Ian Hislop’s Stiff Upper Lip – An Emotional History of Britain I never tire of watching Peter Cook‘s WW2 officer announcing to valiant subordinate Jonathan Miller in Beyond The Fringe: Perkins, I want you to lay down your life. We need a futile gesture at this stage … Miller as Perkins accepts his fate withContinue reading “How We Took Control Over Our Stiff Upper Lips”
Despite not being a huge fan of this Dragon’s Den business celeb, I was quite gripped by her documentary about inequality in employment between the genders. There was nothing very new in it, but it was great to see a “queen bee” (as a powerful leading woman in a male-dominated business gets called these days) being jolted out of her previous simplistic take on gender in the workplace – basically the “I managed it, why can’t they?” approach. Interesting in particular to hear the success of changing gender awareness and gender balance within the ranks at P&G.
There are some areas that will always be male dominated, one suspects – but some are just that way because no one has bothered challenging received wisdom. More than a decade ago I carried out some qual work on a gender issue in the British Army and interviewed soldiers right across the ranks. I can’t share the detailed insights on here, fascinating though they were. But it is a matter of public record that there are women who can pass the physical tests for entry into the infantry – there are some superb and very tough female athletes in the Army. The barriers to the Army accepting women into the teeth arms of the British military are not physical but to do with group dynamics, culture and psychology – no less real for that, but not what you might have expected coming at the issue afresh.
The infantry is perhaps exceptional because its personnel decisions have life and death consequences, but Hilary Devey’s warehouse was all male also for no good physical reason, just a cultural one. Women have not been encouraged to think they could train as forklift truck drivers and so there are few out there. But there’s no obvious reason other than the work culture to exclude women from training up for that kind of job. And warehouses don’t have the life and death excuse. But cultural stereotypes are powerful.
I also wasn’t surprised to see in the team exercise experiment, the mixed gender team out-performing the single gender teams. That’s been my experience of workplace teams too and I’m a big believer in not just mixed gender in teams but mixed personality type and mixed as much as possible. It’s that coming together of different perspectives that is so effective, especially in my line of work, qualitative research.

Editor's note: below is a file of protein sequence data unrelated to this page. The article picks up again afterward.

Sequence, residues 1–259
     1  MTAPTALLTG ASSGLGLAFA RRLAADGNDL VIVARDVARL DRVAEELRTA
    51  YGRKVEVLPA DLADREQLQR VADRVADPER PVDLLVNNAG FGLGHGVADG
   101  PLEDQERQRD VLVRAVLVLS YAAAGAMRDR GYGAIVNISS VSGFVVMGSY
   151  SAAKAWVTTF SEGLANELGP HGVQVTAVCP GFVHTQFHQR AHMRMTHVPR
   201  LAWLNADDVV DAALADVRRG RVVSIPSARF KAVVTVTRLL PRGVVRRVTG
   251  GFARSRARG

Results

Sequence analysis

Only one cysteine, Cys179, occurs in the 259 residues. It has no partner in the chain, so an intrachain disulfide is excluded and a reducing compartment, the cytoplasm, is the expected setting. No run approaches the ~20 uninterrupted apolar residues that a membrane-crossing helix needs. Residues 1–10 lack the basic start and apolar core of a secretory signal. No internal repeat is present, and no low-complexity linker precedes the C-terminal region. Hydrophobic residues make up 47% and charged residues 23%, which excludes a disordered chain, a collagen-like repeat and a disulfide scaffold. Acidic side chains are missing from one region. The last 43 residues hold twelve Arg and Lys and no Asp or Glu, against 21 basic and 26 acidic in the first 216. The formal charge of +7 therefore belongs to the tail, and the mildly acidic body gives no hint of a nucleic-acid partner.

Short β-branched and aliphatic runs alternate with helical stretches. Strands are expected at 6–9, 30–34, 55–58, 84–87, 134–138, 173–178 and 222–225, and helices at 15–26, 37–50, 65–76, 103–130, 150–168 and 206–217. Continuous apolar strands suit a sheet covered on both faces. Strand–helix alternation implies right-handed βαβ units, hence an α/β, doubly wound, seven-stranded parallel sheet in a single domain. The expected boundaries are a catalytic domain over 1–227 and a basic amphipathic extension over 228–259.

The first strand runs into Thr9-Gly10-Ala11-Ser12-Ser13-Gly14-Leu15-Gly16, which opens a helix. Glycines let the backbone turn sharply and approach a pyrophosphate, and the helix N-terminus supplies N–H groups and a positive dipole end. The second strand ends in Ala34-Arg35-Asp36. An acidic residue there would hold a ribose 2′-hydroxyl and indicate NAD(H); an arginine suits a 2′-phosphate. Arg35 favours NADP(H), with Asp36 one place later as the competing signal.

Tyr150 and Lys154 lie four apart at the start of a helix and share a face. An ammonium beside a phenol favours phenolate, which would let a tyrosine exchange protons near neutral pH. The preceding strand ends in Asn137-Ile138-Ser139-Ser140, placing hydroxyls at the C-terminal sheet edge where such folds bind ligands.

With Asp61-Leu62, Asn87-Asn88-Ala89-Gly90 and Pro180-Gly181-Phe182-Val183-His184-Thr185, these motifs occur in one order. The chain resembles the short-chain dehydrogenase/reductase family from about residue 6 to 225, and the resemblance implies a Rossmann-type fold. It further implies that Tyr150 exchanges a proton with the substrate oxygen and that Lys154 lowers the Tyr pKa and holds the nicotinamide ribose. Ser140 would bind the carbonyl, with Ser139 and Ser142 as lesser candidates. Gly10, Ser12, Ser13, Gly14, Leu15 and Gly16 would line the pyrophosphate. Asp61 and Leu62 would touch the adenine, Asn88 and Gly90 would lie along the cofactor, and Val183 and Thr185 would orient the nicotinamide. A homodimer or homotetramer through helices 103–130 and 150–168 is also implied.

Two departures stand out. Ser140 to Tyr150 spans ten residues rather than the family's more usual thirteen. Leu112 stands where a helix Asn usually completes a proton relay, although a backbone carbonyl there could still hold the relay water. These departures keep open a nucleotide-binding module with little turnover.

I’ll watch the rest of the series with interest.
So I’ve waved goodbye to this phenomenon that breezed into my life, swept me off my feet for two weeks and now leaves me pining at the airport, watching the vapour trail. No, I’m not having an affair with a wayward airline pilot, I meant the Olympics. (I hear the Olympic village usually turns intoContinue reading “Olympic Britain: Substance 2012”
The ONS’s first reporting of the “happiness” statistics – based on “subjective” answers to specific survey questions, rather than so-called “objective” forms of data – came out on Tuesday 24th July. No big surprises and it will only become really interesting, I think, once it beds in and we get year-on-year comparisons going. I wasContinue reading “The Happiness Objective: the ONS Reports on British Well-being”
The Sunday Times described it as a “bold reactionary book” – and so it is. I’ve just finished reading Nicholas Carr‘s The Shallows (subtitle: How the internet is changing the way we read, think and remember). Its main point is a simple one: the Internet is a medium that revolves around distraction and our usageContinue reading “Driving Our Man Machines Towards Distraction: Nicholas Carr’s “The Shallows””
So, I’ve negotiated the straits between Scylla and Charybdis and my sat nav is raring to go. On the off-chance a random client strays by mistake onto my onanistic blog, this is a public service announcement (without guitars). I’ve been on a break for the last few weeks, yesterday was my first proper day backContinue reading “The Glorious Land: TomTom Club On Tour”
A bit of self-promotion here, but hopefully a useful tip too. It’s to flag that, this summer, there’s a particularly strong reason to base your qualitative fieldwork in the Midlands or North, rather than the South-East region. And get me to do it, obviously. Many of us will have received another Transport for London emailContinue reading “Olympics 2012: Good Time For Fieldwork Outside South-East”
In between helping my lad complete The Usborne Book Of Things To Spot out of the Flybe plane window back from Belfast at the weekend (or Fly Maybe as they are sometimes known) I caught up with Matt Grist’s paper, “Steer”, for the RSA from a couple of years back. The report was part ofContinue reading “Steering the elephant in the room, not just nudging it”
Brooks TED talk on The Social Animal This entertaining, brief talk gives a flavour of the book. Must read his book about our feted but ludicrous social elites, with a great title: Bobos in Paradise. I think he writes mainly about America so let’s pretend it isn’t the same here. For now, carrying on withContinue reading “More Brooks – TED talk on reasons to be cheerful about the revolution”
On my recent visit to the US I finally got around to buying The Social Animal (Random House, 2011) – subtitled The Hidden Sources of Love, Character and Achievement – by New York Times writer David Brooks. I’m reading it at the moment. It’s full of interesting stuff about what makes us who we areContinue reading “An Insight on Qual Analysis: from David Brooks’s “The Social Animal””